(Me in my different avatars (Pic credit : Shishir Sahni & Vipul Sinha)
This is what road trips do. They cement a lasting bond amongst friends. It was the first time I had met Rahul and we had planned many road trips (Alibagh, Lonavala, Panchgani, Igatpuri, Nashik etc) after this maiden journey.
MY MORAL POLICING:
- Be responsible and don’t initiate a stampede in a bid to get a wow shot. The main aim here is conservation and not one upmanship game of who gets better picture.
- The turtles are tiny and in the stampede, they might crush under your feet. Especially, don’t stand in the sea water while the turtle marches on the sand, because once the turtle is in the water, the chances are higher that it comes under someone’s feet, due to no visibility. Reason out to someone who’s doing it. Scold them if you have to.
- Choose a spot on sand before the turtle’s march begins and stick to it throughout the turtle’s journey.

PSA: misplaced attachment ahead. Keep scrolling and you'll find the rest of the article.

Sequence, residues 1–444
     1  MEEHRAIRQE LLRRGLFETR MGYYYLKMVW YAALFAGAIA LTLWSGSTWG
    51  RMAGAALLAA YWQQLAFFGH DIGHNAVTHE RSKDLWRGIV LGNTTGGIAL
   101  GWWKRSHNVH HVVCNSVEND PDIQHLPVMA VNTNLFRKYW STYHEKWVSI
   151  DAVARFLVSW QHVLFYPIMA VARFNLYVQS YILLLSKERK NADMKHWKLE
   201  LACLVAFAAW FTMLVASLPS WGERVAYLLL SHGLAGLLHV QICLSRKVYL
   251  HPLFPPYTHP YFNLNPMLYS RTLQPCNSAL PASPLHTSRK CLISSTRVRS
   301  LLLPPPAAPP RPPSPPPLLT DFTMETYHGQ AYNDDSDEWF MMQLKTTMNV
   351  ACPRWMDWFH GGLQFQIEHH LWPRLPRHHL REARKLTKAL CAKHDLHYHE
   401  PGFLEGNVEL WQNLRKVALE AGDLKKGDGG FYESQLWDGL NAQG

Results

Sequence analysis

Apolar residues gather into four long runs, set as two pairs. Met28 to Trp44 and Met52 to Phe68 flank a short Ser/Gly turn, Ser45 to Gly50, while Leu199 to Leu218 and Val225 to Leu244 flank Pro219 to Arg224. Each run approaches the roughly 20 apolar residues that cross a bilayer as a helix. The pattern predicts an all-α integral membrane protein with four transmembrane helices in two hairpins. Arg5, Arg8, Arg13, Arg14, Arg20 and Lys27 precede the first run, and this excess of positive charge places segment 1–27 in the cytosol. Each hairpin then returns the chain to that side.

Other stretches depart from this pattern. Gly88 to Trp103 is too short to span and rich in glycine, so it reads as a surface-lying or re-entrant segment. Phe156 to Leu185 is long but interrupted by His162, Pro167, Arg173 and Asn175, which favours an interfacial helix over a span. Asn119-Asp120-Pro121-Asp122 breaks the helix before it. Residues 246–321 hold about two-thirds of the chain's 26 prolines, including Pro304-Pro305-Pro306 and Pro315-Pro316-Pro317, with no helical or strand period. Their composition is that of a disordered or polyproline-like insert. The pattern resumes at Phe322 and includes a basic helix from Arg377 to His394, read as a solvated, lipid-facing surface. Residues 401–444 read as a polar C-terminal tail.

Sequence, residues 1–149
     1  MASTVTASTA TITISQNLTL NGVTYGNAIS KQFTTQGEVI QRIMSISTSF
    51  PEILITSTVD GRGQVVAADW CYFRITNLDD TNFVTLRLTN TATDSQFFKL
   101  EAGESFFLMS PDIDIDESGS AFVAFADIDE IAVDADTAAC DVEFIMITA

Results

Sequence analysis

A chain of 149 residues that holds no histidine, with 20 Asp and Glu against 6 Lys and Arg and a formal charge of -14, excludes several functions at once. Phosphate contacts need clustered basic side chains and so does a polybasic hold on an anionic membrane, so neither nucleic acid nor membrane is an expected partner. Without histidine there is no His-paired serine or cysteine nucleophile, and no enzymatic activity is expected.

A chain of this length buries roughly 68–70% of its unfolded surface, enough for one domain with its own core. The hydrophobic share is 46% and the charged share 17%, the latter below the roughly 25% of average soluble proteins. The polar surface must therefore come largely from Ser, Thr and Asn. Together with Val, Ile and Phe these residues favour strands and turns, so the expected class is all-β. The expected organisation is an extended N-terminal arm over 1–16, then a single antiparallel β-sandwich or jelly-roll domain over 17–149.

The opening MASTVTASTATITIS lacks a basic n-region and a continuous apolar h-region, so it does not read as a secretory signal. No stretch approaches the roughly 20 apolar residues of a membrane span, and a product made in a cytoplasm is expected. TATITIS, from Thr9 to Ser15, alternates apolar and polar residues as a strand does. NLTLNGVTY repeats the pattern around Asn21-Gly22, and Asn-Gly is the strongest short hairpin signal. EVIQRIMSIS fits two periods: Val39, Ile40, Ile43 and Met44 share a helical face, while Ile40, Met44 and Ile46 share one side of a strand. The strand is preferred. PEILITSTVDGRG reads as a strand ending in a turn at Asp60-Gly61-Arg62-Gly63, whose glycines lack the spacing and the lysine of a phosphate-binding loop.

- Very important: Once the turtle takes the final plunge in to the sea, MOVE AWAY FROM THE BEACH. Do not goof around in the sea for reasons stated above. If at all, you can’t stop entering the beach, do so at least 1 kilometer away from the release spot.
How to reach by car: Once you reach Harihareshwar head to Baagmandla and board a ferry for Velas. Load your car on the ferry and reach the venue within minutes. There is a ferry every half an hour.
Buses are also available from Mumbai to Shrivardhana/Harihareshwara. You can start the car trip from Shrivardhana/Harihareshwara too.
When to go: Every year, the event is held every day from March beginning to April end. Morning time is 7 a.m. and Evening time is 6 p.m.
Equipment to carry:
A good 18-135mm lens or a 55-250mm telephoto lens in case you fail to manage a vantage point near the turtle.
Also keep an eye on:
- Unique architecture of the village homes.
- Village life, landscapes and people
- The road running parallel to the beach, esp. at sunset.
- Local food
- Sea gulls at the beaches
1) The best vantage point to click the Turtle’s march is at the middle of the barricading. Stick to this point and strictly don’t run after the turtle once it moves past you. Chances are you will get the best possible shots.